Black Tea - OLD
The story of black tea is rooted in the Chinese tea trade with the West. Stronger and darker teas were favoured by the British and Dutch traders of the 18th century, because they lasted better on long voyages and appealed more to the western palate. By the 1850’s most Chinese tea regions were making fully oxidised teas, predominantly for export. As Western demand for black tea grew, the black tea production process and the related tea bush varietals were successfully transposed to newly created plantations in India, Ceylon, Indonesia and East Africa.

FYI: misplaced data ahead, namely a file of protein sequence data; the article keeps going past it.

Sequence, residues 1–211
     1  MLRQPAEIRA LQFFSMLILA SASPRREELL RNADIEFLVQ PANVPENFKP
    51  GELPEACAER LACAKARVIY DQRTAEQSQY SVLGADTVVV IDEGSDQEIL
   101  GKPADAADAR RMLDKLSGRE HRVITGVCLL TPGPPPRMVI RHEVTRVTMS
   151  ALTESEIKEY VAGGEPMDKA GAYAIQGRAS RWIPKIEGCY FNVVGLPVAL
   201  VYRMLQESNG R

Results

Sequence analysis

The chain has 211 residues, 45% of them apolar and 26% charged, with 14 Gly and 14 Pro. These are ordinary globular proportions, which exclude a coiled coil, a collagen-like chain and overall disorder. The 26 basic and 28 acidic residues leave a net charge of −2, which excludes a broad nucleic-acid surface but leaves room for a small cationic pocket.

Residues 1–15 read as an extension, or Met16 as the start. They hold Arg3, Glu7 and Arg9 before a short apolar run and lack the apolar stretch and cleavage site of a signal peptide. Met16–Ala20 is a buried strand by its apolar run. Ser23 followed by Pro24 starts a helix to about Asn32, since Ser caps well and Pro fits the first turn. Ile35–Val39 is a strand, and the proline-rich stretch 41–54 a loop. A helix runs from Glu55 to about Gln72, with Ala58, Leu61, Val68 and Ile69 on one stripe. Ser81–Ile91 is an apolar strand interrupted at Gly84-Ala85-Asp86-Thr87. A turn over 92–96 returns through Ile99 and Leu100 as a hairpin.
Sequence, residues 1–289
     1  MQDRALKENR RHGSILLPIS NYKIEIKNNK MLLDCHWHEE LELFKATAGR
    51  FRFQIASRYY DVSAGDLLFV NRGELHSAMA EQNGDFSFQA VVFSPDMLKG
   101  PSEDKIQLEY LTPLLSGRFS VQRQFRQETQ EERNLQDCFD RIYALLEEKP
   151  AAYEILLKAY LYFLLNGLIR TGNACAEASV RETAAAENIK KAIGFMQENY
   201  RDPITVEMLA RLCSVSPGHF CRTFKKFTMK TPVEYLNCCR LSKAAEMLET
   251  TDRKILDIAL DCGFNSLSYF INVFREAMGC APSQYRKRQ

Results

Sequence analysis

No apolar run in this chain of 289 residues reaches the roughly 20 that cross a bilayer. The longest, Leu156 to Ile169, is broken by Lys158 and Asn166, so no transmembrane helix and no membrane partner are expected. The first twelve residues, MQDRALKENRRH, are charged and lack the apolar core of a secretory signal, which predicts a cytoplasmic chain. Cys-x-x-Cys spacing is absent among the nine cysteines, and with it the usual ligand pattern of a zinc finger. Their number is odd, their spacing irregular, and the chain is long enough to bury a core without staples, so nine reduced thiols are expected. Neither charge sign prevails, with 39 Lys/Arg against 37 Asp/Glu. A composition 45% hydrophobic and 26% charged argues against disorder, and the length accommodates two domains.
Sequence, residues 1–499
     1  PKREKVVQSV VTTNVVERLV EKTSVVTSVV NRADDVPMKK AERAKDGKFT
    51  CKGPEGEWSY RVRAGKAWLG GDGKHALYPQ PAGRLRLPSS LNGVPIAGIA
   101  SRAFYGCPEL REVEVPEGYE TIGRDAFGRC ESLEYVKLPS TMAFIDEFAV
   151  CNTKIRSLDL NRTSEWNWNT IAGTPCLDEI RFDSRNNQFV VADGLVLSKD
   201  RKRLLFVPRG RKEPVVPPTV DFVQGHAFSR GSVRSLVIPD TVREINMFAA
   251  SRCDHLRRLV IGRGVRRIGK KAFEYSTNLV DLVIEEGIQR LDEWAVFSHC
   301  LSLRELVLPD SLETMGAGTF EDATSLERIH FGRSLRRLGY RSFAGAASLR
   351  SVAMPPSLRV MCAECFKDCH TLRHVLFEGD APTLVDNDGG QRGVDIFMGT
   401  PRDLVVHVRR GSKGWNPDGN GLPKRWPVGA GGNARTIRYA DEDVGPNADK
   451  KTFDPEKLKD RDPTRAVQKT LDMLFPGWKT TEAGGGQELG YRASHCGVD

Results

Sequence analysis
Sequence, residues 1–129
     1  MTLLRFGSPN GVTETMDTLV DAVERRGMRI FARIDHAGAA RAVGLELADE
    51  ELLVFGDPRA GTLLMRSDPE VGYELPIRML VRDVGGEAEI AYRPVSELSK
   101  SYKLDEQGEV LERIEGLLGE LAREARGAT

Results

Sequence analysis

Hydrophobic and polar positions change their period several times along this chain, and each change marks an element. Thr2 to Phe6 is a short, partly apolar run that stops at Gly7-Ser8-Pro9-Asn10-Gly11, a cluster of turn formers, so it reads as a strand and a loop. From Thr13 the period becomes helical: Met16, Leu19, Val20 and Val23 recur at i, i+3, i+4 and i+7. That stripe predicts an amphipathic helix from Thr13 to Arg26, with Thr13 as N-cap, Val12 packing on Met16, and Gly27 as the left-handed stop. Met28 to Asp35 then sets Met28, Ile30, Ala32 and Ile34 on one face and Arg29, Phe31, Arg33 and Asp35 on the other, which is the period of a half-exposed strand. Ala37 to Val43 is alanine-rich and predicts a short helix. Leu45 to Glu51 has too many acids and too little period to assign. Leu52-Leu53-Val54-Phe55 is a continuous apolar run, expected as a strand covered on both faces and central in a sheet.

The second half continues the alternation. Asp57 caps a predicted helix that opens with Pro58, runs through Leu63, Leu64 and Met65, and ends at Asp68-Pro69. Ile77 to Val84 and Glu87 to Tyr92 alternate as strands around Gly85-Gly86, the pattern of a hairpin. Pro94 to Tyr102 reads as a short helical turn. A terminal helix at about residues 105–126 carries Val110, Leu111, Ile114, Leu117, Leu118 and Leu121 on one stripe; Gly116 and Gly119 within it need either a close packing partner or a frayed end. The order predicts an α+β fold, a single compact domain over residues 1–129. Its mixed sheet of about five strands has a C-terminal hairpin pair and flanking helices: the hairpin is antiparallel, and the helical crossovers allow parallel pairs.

Black teas undergo all the basic tea making steps – the harvested tea bush leaves are withered, rolled or bruised, allowed to fully oxidise, and then dried and sorted. While nowadays much of this is done using modern technology on vast tea estates, there are still a number of high-quality black teas produced in China and India using traditional artisan methods. Earl Grey tea, which is black tea scented with Bergamot oil, and Chai, which blends black tea with aromatic spices, have also become household favourites, adding to the incredible range of this style of tea’s flavours and aromas.